enterprise attack surface expansion lessons from 5 major breaches

Enterprise attack surface expansion has become a focal point for IT security teams. The relentless pursuit of securing every endpoint and countering new threats with the latest technology is not just costly; it's also unsustainable. Despite these efforts, breaches continue to occur, often through new or unorthodox attack vectors that bypass traditional perimeter defenses. 

To illustrate this crisis, we’ve collected information on five breaches directly attributable to the expansion of the enterprise attack surface. These incidents serve as stark reminders of the limitations of the old normal approach in addressing the modern threat landscape.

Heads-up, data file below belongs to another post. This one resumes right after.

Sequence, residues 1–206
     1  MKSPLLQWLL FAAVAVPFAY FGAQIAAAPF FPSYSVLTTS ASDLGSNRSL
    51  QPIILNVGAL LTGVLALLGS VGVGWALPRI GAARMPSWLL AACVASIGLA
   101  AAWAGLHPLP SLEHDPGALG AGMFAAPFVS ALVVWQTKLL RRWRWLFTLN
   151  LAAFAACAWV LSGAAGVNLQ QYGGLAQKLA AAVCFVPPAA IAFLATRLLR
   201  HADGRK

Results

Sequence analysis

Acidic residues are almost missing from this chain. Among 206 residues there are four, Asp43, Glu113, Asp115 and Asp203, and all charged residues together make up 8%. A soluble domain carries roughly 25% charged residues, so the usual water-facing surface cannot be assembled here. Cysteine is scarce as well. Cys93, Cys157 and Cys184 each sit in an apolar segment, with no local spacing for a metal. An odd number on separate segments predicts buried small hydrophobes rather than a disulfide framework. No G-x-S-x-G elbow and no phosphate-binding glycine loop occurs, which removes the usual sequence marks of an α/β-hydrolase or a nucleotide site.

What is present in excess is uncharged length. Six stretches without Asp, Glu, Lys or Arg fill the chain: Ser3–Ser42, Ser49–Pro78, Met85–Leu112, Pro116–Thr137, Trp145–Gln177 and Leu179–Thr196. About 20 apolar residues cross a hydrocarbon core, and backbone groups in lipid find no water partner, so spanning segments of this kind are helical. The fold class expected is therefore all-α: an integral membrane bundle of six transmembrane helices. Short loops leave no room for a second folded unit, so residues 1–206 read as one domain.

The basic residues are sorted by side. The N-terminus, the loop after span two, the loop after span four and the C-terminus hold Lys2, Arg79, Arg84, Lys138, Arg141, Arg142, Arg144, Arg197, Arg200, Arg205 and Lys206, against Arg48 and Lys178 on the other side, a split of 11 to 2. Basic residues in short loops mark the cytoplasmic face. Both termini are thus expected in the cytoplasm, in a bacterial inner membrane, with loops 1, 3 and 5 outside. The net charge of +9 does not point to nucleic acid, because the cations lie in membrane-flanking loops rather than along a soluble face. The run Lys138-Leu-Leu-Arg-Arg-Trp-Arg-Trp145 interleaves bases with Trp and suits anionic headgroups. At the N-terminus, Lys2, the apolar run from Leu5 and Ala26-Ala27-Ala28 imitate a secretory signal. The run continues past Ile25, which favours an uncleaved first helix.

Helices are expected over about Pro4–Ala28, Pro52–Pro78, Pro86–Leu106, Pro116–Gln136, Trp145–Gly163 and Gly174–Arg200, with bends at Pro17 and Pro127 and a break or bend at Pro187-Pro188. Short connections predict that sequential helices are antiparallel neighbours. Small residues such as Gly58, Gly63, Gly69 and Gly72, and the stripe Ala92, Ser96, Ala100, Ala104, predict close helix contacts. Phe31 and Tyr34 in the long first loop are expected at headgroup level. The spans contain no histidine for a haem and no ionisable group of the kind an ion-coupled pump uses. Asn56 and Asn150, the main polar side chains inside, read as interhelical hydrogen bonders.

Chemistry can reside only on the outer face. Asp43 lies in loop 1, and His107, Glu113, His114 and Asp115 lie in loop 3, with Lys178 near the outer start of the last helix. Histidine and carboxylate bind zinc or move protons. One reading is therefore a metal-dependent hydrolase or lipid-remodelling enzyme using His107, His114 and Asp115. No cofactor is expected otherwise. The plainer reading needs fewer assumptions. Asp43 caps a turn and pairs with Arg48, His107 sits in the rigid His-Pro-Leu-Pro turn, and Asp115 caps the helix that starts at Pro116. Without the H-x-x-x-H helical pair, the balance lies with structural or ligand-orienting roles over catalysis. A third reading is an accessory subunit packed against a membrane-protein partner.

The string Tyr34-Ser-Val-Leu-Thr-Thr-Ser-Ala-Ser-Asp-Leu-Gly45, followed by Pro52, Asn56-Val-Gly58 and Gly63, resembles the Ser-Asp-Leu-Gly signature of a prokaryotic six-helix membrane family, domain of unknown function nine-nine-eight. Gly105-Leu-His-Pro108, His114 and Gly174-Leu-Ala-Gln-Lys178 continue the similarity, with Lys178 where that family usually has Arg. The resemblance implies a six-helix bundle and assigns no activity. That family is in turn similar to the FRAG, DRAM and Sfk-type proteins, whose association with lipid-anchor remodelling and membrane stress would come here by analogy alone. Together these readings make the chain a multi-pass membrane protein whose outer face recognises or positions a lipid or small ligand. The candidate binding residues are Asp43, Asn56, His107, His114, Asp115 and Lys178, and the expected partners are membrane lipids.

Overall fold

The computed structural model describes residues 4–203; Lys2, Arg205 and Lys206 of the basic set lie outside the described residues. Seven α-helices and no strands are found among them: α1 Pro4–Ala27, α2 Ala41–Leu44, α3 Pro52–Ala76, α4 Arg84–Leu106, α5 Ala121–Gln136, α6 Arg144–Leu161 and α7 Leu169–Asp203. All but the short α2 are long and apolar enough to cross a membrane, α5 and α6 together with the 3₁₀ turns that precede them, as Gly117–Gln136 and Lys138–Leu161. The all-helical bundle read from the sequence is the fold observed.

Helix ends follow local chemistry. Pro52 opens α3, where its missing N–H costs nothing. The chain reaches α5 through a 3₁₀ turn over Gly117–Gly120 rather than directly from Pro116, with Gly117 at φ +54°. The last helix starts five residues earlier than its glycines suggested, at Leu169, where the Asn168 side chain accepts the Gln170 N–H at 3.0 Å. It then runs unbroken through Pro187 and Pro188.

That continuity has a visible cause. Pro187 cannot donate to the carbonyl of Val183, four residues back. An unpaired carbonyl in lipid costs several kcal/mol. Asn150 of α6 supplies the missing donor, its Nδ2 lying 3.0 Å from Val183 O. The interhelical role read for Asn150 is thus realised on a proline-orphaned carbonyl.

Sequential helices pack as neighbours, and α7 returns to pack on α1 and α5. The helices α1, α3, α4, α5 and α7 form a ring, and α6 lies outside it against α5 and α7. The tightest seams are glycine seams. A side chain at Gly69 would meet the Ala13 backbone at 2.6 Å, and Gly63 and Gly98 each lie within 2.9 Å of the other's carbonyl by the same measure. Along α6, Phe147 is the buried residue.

T-Mobile: 37 million accounts compromised through API breach

One subplot of the greater enterprise attack surface expansion is the phenomenon of API sprawl. As larger organizations aim to facilitate seamless data exchanges with third parties, vendors, suppliers, and service providers, they construct core systems designed to expose data through APIs. However, as business needs evolve, new APIs are introduced while older ones often remain unmaintained or unsupervised, leading to an unmitigated sprawl. 

T-Mobile's disclosure of the massive data leak lacked many details, but eventual reporting and analysis shed light on the incident. It was revealed that sensitive personally identifiable information (PII) was compromised, affecting around 37 million accounts. The leaked data included “basic customer information” according to the company, exposing details such as name, billing address, email, phone number, date of birth and business details like the number of phone lines attached to the account and what plans the customers were using.